New manager Fabio Capello told players to cool it after scuffles marred Jiangsu Suning's 0-0 draw with Beijing Guoan, in just the latest outbreak of violence in the Chinese Super League. Capello, who picked up his first league point with struggling Jiangsu, watched as players came to blows at the end of Monday's game -- days after heavy punishments were handed out for a similar incident. Shanghai SIPG's Brazilian international Oscar was hit with an eight-game ban last week for sparking a mass brawl, and the Chinese Football Association may consider more punishments following the latest disorder.
About 1.57 million Singaporeans will get $1.2 billion in GST vouchers and Medisave top-ups, said the Ministry of Finance (MOF) on Tuesday (27 June). A total of 1.37 eligible Singaporeans will receive up to $500 in cash, which will come in the form of a payment of up to $300 in August and a special one-off payment in November.
By Christian Shepherd BEIJING (Reuters) - Nobel Peace Prize-winning activist Liu Xiaobo's liver cancer can not be treated with surgery, chemotherapy or radiotherapy, Liu's wife said, as questions increased among his supporters over his treatment by the Chinese authorities. Liu, 61, was jailed for 11 years in 2009 for "inciting subversion of state power" after he helped write a petition known as "Charter 08" calling for sweeping political reforms. In December 2010, Liu was awarded the Nobel Peace Prize for his activism in promoting human rights in China, which responded by freezing diplomatic ties with Norway.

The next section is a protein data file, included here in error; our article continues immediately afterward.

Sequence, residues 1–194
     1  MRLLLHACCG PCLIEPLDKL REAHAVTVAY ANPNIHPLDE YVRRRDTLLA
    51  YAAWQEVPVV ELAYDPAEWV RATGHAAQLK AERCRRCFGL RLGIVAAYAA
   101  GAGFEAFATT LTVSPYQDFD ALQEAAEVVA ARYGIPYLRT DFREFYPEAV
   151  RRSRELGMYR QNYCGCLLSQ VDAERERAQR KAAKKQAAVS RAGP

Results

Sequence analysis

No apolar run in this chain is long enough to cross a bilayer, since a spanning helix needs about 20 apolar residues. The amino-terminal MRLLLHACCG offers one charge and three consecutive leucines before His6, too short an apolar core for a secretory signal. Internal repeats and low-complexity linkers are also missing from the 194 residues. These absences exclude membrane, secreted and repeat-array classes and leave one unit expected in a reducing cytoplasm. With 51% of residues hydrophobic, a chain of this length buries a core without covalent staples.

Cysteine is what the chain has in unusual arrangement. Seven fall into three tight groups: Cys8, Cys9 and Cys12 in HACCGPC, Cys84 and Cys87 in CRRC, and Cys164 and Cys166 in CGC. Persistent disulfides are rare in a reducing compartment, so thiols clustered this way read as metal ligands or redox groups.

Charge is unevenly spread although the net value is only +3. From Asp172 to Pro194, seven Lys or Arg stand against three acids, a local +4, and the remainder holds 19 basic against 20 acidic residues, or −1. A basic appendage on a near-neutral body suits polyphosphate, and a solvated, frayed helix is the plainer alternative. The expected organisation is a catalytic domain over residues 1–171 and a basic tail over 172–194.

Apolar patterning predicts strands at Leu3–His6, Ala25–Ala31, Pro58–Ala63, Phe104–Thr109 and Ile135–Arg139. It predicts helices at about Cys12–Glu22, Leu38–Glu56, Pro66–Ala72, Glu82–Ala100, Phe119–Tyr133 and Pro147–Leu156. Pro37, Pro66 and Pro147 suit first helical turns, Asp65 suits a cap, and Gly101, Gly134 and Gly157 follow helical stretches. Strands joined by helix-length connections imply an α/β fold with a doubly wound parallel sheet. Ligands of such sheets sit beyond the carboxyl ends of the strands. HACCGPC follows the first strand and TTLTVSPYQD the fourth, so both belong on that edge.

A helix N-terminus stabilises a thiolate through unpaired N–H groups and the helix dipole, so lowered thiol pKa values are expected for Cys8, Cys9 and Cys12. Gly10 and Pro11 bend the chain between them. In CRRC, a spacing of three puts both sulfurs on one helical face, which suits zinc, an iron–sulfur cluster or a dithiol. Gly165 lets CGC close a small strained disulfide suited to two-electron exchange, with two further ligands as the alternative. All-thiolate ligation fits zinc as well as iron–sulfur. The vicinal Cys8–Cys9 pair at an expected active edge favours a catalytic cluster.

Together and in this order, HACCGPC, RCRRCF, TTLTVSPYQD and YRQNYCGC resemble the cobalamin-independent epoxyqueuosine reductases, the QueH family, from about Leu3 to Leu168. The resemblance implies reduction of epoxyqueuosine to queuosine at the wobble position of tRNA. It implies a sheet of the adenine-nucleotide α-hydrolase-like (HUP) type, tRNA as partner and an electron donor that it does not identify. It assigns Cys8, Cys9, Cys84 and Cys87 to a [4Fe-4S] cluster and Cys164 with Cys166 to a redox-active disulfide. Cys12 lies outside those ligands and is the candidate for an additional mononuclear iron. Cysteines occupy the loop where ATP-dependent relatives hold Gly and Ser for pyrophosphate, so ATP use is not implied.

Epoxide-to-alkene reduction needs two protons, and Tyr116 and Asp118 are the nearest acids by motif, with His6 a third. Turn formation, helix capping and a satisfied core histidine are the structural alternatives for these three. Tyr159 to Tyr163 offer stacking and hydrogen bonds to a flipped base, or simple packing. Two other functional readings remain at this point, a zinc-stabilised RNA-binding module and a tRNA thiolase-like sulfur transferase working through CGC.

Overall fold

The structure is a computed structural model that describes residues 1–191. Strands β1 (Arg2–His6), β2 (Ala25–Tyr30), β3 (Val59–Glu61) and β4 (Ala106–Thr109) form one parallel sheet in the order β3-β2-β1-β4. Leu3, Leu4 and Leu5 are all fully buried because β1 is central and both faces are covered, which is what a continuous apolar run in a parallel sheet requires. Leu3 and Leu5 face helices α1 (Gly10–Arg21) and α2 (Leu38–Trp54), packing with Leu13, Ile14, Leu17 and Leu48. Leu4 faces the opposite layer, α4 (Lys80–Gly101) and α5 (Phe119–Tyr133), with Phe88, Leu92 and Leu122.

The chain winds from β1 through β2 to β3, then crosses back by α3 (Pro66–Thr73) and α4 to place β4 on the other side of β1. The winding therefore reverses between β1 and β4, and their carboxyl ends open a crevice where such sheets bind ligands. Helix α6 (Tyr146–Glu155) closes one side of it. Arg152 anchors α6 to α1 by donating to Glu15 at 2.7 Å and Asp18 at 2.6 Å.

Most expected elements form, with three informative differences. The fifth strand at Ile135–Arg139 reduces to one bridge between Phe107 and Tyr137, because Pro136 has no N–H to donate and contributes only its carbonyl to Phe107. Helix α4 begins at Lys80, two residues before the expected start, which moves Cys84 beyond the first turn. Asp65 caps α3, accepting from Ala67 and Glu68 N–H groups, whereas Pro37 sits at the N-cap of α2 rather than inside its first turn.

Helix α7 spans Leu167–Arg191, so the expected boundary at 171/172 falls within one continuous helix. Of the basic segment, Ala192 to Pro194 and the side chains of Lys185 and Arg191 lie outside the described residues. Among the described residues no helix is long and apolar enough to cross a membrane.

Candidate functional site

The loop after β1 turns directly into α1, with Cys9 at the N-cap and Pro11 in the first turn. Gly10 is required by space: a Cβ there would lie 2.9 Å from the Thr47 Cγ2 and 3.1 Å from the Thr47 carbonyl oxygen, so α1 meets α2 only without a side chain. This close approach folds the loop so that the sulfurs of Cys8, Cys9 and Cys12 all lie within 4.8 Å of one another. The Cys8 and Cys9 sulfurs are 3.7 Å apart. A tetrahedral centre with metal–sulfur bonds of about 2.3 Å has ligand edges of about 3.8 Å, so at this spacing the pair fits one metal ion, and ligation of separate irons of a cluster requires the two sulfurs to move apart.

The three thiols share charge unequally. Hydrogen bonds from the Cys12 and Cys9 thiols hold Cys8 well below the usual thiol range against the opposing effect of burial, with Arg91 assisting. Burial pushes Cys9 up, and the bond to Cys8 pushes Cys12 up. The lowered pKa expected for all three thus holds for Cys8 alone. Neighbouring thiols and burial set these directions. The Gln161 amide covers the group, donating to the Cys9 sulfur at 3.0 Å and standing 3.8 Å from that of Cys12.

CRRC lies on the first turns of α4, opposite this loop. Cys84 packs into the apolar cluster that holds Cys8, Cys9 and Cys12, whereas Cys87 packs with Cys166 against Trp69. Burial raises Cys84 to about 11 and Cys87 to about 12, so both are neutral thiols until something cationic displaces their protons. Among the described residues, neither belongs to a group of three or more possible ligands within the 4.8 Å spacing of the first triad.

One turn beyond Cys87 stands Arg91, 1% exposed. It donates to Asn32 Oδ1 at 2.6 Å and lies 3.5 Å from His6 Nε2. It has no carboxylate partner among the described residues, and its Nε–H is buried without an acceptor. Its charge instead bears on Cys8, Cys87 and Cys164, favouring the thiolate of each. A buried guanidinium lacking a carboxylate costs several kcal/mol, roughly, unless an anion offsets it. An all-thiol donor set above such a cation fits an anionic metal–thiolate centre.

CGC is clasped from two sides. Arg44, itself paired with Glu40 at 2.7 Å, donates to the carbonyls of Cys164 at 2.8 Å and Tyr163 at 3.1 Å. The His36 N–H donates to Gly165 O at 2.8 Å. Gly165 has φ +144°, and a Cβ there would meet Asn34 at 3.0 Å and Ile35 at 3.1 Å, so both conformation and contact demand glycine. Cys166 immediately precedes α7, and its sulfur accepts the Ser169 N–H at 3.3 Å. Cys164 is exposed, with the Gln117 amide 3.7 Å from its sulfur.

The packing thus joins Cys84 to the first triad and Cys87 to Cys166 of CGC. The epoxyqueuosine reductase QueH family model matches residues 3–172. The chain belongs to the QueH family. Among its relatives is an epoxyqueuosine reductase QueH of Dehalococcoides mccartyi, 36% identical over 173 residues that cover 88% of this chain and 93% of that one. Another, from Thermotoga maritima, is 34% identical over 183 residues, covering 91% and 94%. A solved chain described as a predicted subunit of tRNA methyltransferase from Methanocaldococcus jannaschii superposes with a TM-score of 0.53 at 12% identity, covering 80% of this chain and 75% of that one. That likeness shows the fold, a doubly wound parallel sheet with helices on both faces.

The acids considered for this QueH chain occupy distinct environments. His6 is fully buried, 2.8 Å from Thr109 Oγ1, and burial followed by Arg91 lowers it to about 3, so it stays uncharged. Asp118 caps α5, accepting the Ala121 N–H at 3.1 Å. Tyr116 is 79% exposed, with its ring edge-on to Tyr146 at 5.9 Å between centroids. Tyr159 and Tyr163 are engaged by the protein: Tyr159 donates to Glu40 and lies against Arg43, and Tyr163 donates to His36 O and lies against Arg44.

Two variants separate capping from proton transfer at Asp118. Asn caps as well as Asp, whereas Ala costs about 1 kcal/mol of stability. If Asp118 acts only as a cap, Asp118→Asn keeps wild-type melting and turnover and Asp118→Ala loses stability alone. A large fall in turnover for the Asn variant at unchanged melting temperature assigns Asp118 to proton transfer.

Claudio Ranieri insists his incredible achievements at Leicester City count for nothing now that he has taken over at sleeping French giants Nantes, where he was unveiled as their new coach on Monday. Ranieri has signed a two-year contract with the Ligue 1 side to return to coaching for the first time since his sacking by Leicester in February. Nantes are historically one of France's most successful sides, but last won the title in 2001 and have often struggled in the years since.
By Tim Kelly TOKYO (Reuters) - A U.S. warship struck by a container vessel in Japanese waters failed to respond to warning signals or take evasive action before a collision that killed seven of its crew, according to a report of the incident by the Philippine cargo ship's captain. Multiple U.S. and Japanese investigations are under way into how the guided missile destroyer USS Fitzgerald and the much larger ACX Crystal container ship collided in clear weather south of Tokyo Bay in the early hours of June 17. In the first detailed account from one of those directly involved, the cargo ship's captain said the ACX Crystal had signalled with flashing lights after the Fitzgerald "suddenly" steamed on to a course to cross its path.
Lee Hsien Yang, who has been embroiled in a high-profile feud with his brother Prime Minister Lee Hsien Loong, is reportedly in Hong Kong.